Busy on Mondays came the student’s reply.  She attended a few sessions then cried off the rest.

And yet her final piece was suspiciously error free, and well written.  A 2:1 from a student who was barely capable of getting a third.  Her marker, Alice emailed me and asked if I could read it as she was having a hard time believing the student had written it.  I read it.  The student in question could not have written this.  We put it through turnitin.  Nothing.  Not bought wholesale.  Probably.

We asked the student to come in and gently questioned her.  Asked her to take us through the process of writing it.  She said she came across the story in a newspaper and developed it.  She had asked her friends and her dad.  They had given her ‘advice’ but she had written it.  Alice asked her to go away and find the early drafts.

Alice and I looked at each other when she had gone.  There were channels we needed to go through – forms to fill in.  All very time consuming and we were in the middle of marking anyway.  We asked her to email some rough drafts of the story – early drafts and she was willing to do so.  ‘She’s just had huge amounts of help,’ said Alice, ‘and maybe didn’t realise this level of help is plagiarism.’

If she could produce early versions of the final story this would add weight to her claim that she just had a breakthrough.

A few days later the ‘first drafts’ appeared.  Two pages of typed notes on where she got the idea from – bullet points and links to journalism pieces about the subject she had chosen.  Something she had probably written after our meeting.  Not what we had asked for at all.

Alice thanked the student but wrote back pointing out that these papers were not first drafts.  She attached them to the plagiarism form and sent the whole lot off to the member of staff who dealt with plagiarism.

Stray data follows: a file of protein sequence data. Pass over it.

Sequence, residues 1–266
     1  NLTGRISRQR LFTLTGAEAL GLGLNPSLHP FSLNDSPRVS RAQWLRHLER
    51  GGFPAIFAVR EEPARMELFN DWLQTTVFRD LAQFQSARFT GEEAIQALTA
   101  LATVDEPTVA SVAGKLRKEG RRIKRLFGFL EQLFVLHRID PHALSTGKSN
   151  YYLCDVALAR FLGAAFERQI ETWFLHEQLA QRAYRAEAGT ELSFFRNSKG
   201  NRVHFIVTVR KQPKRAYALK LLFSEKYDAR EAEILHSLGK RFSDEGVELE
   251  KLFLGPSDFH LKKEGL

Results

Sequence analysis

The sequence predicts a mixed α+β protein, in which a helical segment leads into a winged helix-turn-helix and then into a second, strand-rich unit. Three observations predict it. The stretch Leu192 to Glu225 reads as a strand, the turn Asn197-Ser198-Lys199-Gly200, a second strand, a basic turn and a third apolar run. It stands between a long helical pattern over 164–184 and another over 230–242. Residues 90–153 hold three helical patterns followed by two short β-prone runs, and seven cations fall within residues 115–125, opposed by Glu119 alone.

I talked to a longer serving member of staff about it.  ‘Oh I hate it when I know the student has plagiarised,’ he said.  ‘Unless you can prove it’ through matching chunks of text then they get away with it.  And you have to fill in all these forms.  And of course it always happens when you’re at your busiest.’

I’m left feeling really angry.  Continue reading

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Rewriting, not rejigging, tinkering or fiddling

The only kind of writing is rewriting:  Ernest Hemingway

God's First Draft

Rewriting is like grieving.  Nobody wants to face it, but the only way out of it is through it. After the white hot streak of the first draft, where you don’t look back, you keep going, ignoring bumps and holes in the road – on and on till it feels like the end and there you have it –  a big lump of dramatic, rough-hewn words.  Stop.  Now comes the really hard bit.  Putting your creative hat to one side and firmly fixing on your pernickity, anal retentive editor.  While the first draft might have been a Beethoven Symphony, the second is Phillip Glass played backwards.  Slow, painful and discordant.  They are the root canals of writing, the humiliating school verruca test at the side of the swimming pool, the slow passage of time healing a great wound.  Painful, and difficult and oh so necessary.

I was recently asked to read a series of stories by a new writer.  A few of the stories had promise but they were still at the very lumpen, early stage – full of exposition, telling, and thick, sticky lumps of dialogue.  I wrote a full report, detailing where he needed to concentrate his efforts, encouraging but truthful.

Two weeks after the report reached him, another pile of stories arrived, apparently rewritten.  The writer was honest enough to admit he had struggled with some of my suggestions, but what I was reading the second time round, was not rewriting.  It was tinkering, the small tweaks that writers make when the book/play is about to go to the printers, about four rewrites down the line.  Full disclosure – I  haven’t written a novel so I can’t give exact numbers on rewrites, but my novel-writing friends say it’s between three and five rewrites, and sometimes more.  Graham Lineham and Arthur Matthews would rewrite each episode of Father Ted, approximately eight times.